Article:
Why Oxford Dictionary’s 2016 Word of the Year Matters

 by Ravi Zacharias

At the end of the day on November 8, 2016, India’s leading bankers were called to an 8 p.m. meeting by the prime minister. Totally unprepared for what was coming, they watched as an announcement was made to the nation on live television that all 500 and 1,000 rupee notes would be rendered nonnegotiable by midnight that same night. (Those are the biggest notes of currency and used for most daily expenses and all major purchases.) They were stunned, as was the nation.

The resulting financial earthquake plunged millions into chaos and confusion. The next morning before dawn the lines in front of every shuttered bank and ATM machine told the story in human fears. My colleague and I spent two days in our rooms as we couldn’t change our foreign currency. Some claimed that suicides and sudden deaths resulted.

The stated purpose for this decision is to undermine “black money,” which ranges from tax evasion to hoarding cash by terrorists. Political opponents have a different take, of course, saying that it is to restrict the financial resources of the opposition parties in the run-up to state elections. Whatever the truth, it’s something I have never witnessed in four decades of travel: a legal tender suddenly becoming valueless and small denominations having more worth than larger ones.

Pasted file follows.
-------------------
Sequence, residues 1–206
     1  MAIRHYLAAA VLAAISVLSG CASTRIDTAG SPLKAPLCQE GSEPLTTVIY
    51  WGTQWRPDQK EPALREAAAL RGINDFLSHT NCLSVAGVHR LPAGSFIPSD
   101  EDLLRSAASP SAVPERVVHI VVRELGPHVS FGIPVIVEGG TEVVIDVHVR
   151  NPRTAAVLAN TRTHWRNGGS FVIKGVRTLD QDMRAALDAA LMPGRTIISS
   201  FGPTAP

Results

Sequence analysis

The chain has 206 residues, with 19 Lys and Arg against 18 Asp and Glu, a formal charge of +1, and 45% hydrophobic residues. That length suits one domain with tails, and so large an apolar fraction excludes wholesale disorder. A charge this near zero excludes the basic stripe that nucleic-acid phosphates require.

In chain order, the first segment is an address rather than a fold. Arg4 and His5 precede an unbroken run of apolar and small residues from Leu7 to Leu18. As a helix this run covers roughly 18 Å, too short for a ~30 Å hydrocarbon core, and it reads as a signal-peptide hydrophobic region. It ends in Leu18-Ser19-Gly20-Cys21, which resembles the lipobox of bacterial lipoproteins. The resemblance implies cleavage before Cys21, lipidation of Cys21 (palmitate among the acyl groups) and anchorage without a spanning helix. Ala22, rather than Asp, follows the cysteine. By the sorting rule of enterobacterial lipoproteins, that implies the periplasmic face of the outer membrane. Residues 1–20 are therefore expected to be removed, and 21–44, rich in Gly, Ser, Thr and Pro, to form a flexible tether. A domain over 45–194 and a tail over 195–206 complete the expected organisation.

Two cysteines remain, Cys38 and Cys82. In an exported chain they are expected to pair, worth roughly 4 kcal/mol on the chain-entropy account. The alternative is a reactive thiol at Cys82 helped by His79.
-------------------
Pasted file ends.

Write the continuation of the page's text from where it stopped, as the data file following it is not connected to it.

Value has to have a referent. Yet, at the whim of one man, everything that purportedly pointed to value was suddenly reduced to nothing. What was once “true” was now “untrue,” all to expose a lie masquerading as truth. So much for the statement of assurance, “You can take that to the bank.”

Demonetization is one thing. Devaluing truth and truthfulness is another, and it is systemically unlivable. A few days before demonetization in India, another announcement was made that would make the effect of demonetization a vacation in comparison: Oxford English Dictionary compilers recognized “post-truth” as the new Word of the Year.

Interestingly, the media, which flirt with untruths, and the academy, which never hesitates to replace absolutes with postmodern relativism, have come together to give our culture a new word…


Why Oxford Dictionary’s 2016 Word of the Year Matters